Black hole feedback in the luminous quasar PDS 456

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Science  20 Feb 2015:
Vol. 347, Issue 6224, pp. 860-863
DOI: 10.1126/science.1259202

Finding the necessary negative feedback

The evolution of galaxies seems to be tied to the growth of the supermassive black holes at their centers, but it's not entirely clear why. Models have suggested a mechanism in which the growth of the black hole results in an outflow of gas that interrupts star formation. However, evidence for enough of this negative feedback has been lacking. Nardini et al. now see a signature in x-ray spectra of a strong persistent outflow in the quasar PDS 456. They estimate a broad solid angle spanned by the wind that enables a far greater impact on the host galaxy than narrower jet outflows.

Science, this issue p. 860


The evolution of galaxies is connected to the growth of supermassive black holes in their centers. During the quasar phase, a huge luminosity is released as matter falls onto the black hole, and radiation-driven winds can transfer most of this energy back to the host galaxy. Over five different epochs, we detected the signatures of a nearly spherical stream of highly ionized gas in the broadband x-ray spectra of the luminous quasar PDS 456. This persistent wind is expelled at relativistic speeds from the inner accretion disk, and its wide aperture suggests an effective coupling with the ambient gas. The outflow’s kinetic power larger than 1046 ergs per second is enough to provide the feedback required by models of black hole and host galaxy coevolution.

Disk winds are theoretically expected as a natural consequence of highly efficient accretion onto supermassive black holes (1), as the energy radiated in this process might easily exceed the local binding energy of the gas. In the past few years, black hole winds with column densities of ~1023 cm2 and velocities of ~0.1 times the speed of light (c) have been revealed in a growing number of nearby active galactic nuclei (AGN) through blueshifted x-ray absorption lines (2, 3). Outflows of this kind are commonly believed to affect the dynamical and physical properties of the gas in the host galaxy, and, hence, its star formation history (4). However, a complete observational characterization of how this feedback works is still missing. On its own, the detection of narrow, blueshifted features does not convey any information about the opening angle or the ejection site of the wind. This knowledge is critical for measuring the total power carried by the outflow, whose actual influence on galactic scales remains unclear (5).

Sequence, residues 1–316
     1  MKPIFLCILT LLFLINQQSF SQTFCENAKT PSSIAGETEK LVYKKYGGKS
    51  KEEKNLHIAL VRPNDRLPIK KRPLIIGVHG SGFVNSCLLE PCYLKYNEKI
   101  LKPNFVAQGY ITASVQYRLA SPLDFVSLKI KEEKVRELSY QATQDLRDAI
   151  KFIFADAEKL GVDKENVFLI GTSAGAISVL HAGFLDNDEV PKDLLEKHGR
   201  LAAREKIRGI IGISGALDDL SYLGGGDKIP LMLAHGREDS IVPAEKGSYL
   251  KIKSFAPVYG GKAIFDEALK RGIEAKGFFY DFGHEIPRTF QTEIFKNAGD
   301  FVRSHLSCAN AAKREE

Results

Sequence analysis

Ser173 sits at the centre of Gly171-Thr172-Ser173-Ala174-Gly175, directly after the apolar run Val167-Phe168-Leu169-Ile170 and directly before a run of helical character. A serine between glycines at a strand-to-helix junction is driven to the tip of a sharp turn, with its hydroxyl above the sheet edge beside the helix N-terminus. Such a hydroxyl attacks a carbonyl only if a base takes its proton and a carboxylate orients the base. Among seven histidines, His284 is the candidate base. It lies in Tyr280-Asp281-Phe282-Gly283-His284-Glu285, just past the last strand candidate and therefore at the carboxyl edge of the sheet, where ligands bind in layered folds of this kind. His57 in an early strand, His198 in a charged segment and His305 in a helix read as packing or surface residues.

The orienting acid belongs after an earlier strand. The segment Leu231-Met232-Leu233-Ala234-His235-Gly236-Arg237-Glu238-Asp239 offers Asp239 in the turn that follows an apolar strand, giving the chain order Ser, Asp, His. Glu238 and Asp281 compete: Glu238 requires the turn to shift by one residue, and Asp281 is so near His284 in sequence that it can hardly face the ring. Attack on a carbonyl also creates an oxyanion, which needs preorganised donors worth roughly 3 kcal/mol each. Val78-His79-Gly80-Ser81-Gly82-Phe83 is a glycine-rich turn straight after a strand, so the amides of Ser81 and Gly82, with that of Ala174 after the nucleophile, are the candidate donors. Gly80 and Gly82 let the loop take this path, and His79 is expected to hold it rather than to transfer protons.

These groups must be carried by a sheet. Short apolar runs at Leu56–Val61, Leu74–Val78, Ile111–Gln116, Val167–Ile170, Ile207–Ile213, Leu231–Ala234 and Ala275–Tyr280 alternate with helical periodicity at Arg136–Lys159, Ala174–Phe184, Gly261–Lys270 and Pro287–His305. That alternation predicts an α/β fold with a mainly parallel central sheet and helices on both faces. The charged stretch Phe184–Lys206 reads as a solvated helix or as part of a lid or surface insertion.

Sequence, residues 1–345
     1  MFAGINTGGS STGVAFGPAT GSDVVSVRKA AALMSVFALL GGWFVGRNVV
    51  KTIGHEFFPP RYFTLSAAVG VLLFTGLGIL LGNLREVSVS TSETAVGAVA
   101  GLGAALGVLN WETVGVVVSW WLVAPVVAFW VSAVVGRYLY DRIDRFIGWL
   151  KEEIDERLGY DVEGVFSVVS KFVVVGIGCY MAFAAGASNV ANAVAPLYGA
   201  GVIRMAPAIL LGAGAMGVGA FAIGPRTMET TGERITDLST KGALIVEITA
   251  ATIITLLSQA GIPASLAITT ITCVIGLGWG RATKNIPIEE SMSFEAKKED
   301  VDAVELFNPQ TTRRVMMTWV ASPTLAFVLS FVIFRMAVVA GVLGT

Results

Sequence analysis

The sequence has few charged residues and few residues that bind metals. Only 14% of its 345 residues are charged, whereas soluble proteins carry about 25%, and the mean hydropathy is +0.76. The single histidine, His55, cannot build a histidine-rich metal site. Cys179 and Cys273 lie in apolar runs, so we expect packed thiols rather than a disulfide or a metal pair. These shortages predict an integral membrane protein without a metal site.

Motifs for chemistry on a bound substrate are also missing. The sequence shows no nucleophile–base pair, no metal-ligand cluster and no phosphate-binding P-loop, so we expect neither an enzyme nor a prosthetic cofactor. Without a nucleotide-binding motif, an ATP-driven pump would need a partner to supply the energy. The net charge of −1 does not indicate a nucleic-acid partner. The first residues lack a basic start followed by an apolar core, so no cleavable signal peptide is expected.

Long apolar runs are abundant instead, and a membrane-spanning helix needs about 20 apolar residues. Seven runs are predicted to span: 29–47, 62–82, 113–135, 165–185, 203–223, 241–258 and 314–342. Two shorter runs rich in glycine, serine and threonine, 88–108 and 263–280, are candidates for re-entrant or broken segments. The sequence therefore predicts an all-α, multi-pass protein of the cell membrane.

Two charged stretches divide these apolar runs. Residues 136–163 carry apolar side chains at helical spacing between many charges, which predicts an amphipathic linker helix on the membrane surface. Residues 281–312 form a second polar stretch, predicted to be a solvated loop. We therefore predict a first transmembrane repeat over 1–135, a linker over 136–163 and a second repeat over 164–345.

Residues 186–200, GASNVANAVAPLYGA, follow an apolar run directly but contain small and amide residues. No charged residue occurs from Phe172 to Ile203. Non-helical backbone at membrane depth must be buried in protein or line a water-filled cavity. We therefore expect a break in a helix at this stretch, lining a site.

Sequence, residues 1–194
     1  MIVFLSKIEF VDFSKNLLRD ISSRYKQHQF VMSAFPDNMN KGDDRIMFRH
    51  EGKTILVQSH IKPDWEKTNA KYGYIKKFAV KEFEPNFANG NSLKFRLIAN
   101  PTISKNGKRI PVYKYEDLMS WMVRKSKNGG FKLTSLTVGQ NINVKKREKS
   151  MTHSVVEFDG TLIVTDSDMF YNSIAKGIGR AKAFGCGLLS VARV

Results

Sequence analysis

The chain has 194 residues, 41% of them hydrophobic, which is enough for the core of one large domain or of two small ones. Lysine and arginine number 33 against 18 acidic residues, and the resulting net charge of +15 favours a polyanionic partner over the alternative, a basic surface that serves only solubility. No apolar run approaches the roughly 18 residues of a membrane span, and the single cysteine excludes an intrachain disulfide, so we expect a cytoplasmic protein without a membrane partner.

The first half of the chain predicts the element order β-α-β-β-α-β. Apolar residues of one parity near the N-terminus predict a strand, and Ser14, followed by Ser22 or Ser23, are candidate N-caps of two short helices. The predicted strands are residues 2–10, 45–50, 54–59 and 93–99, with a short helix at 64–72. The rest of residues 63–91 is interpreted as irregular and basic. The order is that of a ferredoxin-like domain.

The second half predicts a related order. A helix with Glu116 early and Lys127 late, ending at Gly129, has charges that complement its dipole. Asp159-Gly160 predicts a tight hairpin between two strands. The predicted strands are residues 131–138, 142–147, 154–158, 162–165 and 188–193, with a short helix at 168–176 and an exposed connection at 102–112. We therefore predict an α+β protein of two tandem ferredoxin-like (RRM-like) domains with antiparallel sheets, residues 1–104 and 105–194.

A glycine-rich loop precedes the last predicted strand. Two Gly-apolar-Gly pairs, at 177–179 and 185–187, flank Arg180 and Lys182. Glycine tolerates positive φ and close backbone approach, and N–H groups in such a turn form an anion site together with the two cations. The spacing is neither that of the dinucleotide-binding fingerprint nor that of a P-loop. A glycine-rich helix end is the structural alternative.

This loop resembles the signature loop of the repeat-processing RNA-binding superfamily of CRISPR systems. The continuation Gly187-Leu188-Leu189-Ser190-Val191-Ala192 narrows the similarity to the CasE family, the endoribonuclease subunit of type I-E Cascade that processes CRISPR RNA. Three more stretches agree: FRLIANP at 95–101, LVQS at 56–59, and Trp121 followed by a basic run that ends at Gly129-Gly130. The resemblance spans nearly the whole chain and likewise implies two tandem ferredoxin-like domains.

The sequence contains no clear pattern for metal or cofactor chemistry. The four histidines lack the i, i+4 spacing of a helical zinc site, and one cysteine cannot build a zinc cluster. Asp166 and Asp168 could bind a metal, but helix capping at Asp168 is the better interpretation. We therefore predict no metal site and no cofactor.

The nearby (z = 0.184) radio-quiet quasar PDS 456 is an established Rosetta stone for studying disk winds (68). With a bolometric luminosity Lbol ~ 1047 erg/s and a mass of the central black hole on the order of 109 solar masses (MSun) (9), it is an exceptionally luminous AGN in the local universe and might be regarded as a counterpart of the accreting supermassive black holes during the peak of quasar activity at high redshift. Since the earliest x-ray observations, PDS 456 has regularly exhibited a deep absorption trough at rest-frame energies above 7 keV (6), which was occasionally resolved with high statistical significance into a pair of absorption lines at ~9.09 and 9.64 keV (7). Because no strong atomic transitions from cosmically abundant elements correspond to these energies, such lines are most likely associated with resonant K-shell absorption from Fe XXV Heα (6.7 keV) and Fe XXVI Lyα (6.97 keV) in a wind with an outflow velocity of ~0.3 c.